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Shared memories. Familiarity. Being known and understood.

At Seasons, we recognise the power of “togetherness” and cherish Family as one of our core values.

That’s why we support couples to stay together in aged care, regardless of the potential for different care needs.

After navigating life together for years, creating and maintaining a home, perhaps raising children, travelling, forging careers – why shouldn’t couples be able to age together in their own apartment?

Some Seasons communities even offer two and three bedroom apartments.

Couples can live independently and, if care is required – even dementia care and palliative care – care services are discreet and respectful of the way that the couple wants to live. Team members work with the couple to make sure they both receive the support they need.

Many Seasons communities offer Day Respite Centres, providing a “me time” opportunity for partners to engage with other areas of their lives. And giving those being cared for – perhaps a higher care needs spouse – access to quality care, meaningful social interaction and therapeutic activities.

Supporting senior couples to live together can mean many other benefits:

  • The Australian Government’s Head to Health resources explain how connectedness contributes to a meaningful life. Long-term intimate partnerships provide support and satisfaction – and can result in lower blood pressure, stress and depression. Being in a caring relationship leads to resilience against life’s difficulties.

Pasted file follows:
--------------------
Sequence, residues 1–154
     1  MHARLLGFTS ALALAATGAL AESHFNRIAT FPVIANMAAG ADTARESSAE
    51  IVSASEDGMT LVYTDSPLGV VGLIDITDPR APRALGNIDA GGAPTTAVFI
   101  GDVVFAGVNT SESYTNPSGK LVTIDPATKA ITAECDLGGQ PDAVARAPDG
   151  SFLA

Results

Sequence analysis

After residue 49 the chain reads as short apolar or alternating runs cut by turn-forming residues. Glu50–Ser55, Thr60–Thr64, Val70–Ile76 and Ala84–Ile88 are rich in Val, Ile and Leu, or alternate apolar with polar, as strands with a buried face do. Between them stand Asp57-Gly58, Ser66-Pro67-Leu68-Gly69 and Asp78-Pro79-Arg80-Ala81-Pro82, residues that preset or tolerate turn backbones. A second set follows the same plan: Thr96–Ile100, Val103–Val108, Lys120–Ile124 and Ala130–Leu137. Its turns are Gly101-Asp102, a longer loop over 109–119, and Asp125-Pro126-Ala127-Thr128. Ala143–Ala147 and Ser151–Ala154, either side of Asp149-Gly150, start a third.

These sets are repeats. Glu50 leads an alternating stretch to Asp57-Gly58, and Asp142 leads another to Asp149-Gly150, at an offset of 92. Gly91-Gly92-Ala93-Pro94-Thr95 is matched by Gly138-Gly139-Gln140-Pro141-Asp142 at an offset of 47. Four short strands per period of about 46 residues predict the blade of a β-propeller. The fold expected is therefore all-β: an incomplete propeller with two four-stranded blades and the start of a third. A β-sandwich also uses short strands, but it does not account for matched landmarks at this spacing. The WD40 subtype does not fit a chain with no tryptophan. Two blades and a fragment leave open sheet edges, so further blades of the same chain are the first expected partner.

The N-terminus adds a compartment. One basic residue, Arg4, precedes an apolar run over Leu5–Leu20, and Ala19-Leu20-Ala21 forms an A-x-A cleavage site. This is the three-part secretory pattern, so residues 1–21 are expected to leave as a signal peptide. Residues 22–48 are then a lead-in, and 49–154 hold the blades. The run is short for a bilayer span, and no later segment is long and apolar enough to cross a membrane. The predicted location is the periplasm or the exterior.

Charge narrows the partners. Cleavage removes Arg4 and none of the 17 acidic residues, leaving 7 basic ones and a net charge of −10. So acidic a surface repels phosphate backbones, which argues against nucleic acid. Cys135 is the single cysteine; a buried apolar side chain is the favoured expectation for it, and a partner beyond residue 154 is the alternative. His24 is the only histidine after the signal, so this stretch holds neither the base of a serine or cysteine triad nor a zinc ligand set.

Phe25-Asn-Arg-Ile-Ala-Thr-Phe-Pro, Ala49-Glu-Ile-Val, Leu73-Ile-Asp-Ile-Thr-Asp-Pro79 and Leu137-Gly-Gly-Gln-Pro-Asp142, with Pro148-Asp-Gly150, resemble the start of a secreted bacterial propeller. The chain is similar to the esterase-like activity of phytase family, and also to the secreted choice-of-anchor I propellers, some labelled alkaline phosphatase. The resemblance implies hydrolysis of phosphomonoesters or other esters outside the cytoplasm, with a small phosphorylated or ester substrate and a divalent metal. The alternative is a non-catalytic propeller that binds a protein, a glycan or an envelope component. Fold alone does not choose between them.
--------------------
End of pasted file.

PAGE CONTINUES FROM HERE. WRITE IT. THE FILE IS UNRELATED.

• The Family Institute in America outlines how people in good relationships have better responses to medical interventions such as surgeries and live longer than people not in good relationships.
  • According to reports, social gerontologist Dr Alison Rahn has said research shows for most people, sleeping with a partner is a social activity and when their partner is not there they can’t sleep properly. People can become withdrawn or display challenging behaviours if they are deprived of loving touch.


Research released in late 2019 around couples where one spouse has dementia found that when spouses were able to live together, their relationship was enriched at many levels. Their love for each other strengthened them as a unit – as an “us” – where togetherness seemed to be strong.

This Valentines Day, we celebrate so many beautiful stories of Seasons couples today and from over the years.

Like Ken with his wife Sue: “I couldn’t find an appropriate place for us to be together, and this was a godsend for us to move in here together. So, I can be with her and she can be with me.”

And Joe who moved into Seasons with his wife Margaret: “I was still able to be with her right up to the end. Which is what you want.”

Amanda Silins
Amanda is Marketing and Communications Manager at Seasons.